Tiana Wilhelm: ‘Art creates awareness’ | The latest news from Zutphen and Warnsveld

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“I always think it’s a shame when people say that a museum is not for them because they – in their own words – ‘don’t understand art’. You never hear that when you talk about enjoying nature. It’s apparently quite possible, even if you can’t tell a birch from an oak,” says Tiana Wilhelm, “you don’t need to be an expert to enjoy and be moved by what you see in a museum.”

Tiana Wilhelm has been director of the Zutphen museums for almost fifteen years: Stedelijk Museum Zutphen and Museum Henriette Polak. She will retire at the end of this year.

By Jolien Wilmar

“It’s quite exciting to stop,” she says, “I work full-time, but even on days off my thoughts go to the museums’ topicality, because they are open seven days a week. It will be strange not to be involved in it anymore.”

To move into another
“I was taught at home that family and friends are the most important thing. Fortunately, I have more time for that now. In addition, there was a lot of attention to spirituality, history and culture. My parents, my father in particular, stimulated our – I have a younger brother and sister – interests through his own broad interests. He actively gave us information and made it attractive through his enthusiasm. He once woke me up as a kid because there was a Fred Astaire movie on TV and he wanted to show me how well he could dance.

My parents gave me a sense of spirituality without being religious themselves. As a child I went to mass on my own. I couldn’t quite tell you why, maybe to understand the elusiveness? I am grateful for what my parents have given me. Faith and art and culture are ways for me to relate to myself, other people and the world and to gain understanding and insight. Literature, film, visual arts, but certainly also history give you the opportunity to move into other lives, cultures and times. You must be able to learn – theoretically – from history, and art must create awareness. Both fuel curiosity and an eagerness to learn. At least that’s how it works for me.” Laughing: “That’s why I also love Google and YouTube, when you search, you meander through all sorts of interesting areas that you didn’t search for beforehand, but found anyway.”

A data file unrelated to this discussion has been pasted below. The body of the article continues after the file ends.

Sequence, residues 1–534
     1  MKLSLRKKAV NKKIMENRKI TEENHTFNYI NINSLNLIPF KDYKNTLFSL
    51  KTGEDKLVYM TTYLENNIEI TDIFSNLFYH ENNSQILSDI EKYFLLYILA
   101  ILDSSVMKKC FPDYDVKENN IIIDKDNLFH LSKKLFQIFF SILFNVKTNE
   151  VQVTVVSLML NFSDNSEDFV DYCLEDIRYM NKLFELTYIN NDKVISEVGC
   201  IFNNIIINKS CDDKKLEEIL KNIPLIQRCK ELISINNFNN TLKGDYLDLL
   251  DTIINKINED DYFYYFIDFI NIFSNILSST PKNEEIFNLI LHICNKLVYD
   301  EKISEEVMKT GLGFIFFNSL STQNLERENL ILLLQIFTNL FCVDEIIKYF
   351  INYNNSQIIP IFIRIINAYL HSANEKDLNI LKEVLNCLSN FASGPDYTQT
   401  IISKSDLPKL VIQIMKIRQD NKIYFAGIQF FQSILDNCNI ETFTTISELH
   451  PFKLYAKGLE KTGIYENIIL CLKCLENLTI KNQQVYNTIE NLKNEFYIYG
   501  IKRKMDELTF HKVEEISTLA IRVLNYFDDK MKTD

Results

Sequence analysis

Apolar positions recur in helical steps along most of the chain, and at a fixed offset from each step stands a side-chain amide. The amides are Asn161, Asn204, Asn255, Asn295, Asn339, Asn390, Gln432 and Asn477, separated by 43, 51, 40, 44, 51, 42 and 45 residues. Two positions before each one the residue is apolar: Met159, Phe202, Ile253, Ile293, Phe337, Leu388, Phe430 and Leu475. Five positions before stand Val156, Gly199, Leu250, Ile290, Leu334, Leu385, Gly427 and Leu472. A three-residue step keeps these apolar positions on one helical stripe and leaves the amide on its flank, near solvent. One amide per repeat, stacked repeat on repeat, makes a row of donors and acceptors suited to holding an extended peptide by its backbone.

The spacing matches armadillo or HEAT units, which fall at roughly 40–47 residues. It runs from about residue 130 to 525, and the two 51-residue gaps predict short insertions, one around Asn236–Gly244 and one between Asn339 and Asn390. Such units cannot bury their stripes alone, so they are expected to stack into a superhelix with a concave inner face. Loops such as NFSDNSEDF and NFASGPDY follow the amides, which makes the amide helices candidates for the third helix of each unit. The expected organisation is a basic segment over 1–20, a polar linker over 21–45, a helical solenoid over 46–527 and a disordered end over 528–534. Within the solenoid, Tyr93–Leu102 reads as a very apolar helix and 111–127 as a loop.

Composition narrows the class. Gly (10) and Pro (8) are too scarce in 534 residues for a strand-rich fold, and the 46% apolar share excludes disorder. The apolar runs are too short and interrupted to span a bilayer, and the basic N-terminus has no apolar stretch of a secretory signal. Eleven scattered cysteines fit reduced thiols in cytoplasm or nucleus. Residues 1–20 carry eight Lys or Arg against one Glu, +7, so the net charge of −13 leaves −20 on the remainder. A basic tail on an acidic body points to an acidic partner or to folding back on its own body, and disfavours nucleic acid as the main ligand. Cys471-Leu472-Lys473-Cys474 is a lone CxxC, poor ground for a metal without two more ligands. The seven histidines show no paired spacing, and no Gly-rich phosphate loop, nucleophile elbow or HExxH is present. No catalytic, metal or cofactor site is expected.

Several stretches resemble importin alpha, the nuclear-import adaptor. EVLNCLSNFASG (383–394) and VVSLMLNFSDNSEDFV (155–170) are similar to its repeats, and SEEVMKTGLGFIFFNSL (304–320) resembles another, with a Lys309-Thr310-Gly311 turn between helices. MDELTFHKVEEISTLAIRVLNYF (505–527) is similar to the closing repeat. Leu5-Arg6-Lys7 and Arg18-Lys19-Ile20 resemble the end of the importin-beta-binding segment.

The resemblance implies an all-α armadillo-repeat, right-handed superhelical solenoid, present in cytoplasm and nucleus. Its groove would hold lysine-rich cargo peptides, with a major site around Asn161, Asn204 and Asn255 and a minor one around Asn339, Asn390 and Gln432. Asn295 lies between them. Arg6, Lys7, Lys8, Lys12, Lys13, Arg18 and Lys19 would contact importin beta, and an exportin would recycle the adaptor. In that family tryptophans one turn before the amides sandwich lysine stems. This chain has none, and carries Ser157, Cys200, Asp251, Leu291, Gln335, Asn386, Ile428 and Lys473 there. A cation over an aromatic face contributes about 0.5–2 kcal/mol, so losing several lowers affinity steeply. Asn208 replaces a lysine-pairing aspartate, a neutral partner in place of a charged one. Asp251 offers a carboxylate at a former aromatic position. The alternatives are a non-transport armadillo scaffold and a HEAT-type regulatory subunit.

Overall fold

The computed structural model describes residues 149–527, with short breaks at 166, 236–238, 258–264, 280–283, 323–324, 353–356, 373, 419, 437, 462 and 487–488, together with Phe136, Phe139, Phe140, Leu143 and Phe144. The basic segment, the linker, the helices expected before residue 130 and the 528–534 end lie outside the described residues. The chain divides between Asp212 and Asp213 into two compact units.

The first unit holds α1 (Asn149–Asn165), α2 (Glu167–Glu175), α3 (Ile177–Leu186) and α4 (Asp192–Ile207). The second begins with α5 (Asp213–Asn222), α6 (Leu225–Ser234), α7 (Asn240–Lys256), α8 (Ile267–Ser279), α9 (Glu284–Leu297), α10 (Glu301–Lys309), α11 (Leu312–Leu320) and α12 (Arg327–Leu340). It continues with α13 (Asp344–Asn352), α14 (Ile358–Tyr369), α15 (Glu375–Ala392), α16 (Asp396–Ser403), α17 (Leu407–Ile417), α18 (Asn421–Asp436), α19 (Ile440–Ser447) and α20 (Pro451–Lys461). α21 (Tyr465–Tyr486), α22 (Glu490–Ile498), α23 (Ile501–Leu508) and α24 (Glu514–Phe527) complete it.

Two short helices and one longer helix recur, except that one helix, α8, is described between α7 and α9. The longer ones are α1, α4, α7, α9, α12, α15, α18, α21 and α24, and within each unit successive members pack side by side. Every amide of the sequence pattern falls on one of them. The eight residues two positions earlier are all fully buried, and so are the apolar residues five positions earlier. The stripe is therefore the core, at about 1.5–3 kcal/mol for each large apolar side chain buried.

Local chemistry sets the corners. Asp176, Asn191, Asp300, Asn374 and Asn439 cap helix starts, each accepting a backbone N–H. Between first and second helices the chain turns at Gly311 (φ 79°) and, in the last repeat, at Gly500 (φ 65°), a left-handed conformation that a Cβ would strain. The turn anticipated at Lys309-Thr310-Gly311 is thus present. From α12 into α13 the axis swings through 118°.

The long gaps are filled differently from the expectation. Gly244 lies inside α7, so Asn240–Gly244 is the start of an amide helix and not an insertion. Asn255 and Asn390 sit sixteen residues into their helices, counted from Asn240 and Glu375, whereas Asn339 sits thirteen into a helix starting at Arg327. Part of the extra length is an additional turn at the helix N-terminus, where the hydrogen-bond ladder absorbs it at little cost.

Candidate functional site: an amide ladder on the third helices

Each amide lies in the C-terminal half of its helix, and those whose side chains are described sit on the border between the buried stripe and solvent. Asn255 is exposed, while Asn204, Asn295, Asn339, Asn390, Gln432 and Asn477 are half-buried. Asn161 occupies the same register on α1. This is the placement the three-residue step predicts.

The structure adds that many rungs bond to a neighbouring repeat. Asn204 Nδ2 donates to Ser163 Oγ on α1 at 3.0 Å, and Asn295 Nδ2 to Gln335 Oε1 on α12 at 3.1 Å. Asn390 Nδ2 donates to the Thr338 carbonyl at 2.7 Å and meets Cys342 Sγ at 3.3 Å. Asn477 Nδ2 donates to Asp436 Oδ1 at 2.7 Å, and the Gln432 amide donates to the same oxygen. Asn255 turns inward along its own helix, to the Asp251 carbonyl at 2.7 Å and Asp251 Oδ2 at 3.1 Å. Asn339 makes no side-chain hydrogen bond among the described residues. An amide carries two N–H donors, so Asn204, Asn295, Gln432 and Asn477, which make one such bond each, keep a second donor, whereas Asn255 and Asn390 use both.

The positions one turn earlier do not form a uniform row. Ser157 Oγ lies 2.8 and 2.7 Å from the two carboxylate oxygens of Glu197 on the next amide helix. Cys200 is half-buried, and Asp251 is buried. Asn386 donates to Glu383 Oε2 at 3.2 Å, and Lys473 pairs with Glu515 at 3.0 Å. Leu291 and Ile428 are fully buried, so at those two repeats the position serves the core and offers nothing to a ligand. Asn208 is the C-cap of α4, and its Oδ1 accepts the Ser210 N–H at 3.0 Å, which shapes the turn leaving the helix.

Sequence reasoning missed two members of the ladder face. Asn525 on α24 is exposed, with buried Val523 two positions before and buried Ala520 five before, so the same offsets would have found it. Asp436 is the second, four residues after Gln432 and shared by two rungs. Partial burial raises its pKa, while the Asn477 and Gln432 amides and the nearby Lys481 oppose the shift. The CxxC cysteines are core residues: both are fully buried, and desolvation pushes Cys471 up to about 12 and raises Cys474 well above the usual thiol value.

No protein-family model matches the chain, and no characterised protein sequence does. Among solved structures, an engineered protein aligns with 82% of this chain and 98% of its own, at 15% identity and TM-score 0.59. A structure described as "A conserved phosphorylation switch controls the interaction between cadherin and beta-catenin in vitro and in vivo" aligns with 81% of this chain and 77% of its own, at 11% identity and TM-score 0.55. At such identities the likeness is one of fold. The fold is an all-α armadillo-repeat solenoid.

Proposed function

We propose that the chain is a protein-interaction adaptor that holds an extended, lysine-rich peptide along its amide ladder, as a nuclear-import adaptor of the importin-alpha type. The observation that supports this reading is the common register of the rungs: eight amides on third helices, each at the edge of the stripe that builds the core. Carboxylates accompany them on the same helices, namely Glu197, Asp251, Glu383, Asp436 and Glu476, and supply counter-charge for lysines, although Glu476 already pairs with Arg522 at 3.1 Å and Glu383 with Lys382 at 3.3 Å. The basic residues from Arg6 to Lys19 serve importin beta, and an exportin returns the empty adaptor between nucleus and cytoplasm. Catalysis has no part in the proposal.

New home
“When I became director of the Zutphen Museerne at the beginning of 2008, my main goal was to realize shared housing for both museums. An extensive and patient-demanding job, at the same time that I am actually not very patient and from my previous work as a consultant and interim manager I was used to fast processes. However, this project required a long-term commitment and a long-term commitment, but I did not expect that it would take more than nine years before we could open the doors to our new location, Hof van Heeckeren at ‘s Gravenhof. Various factors played a role in this: a fierce dispute over a previously planned location, administrative changes and – when we finally started building – also the monumental status of the building and the square. ‘s Gravenhof is an archaeological national monument, and it also determined what was and was not possible. Add a monumental tree in the museum garden and you have a fun puzzle for everyone involved. A beautiful book has been written about that.”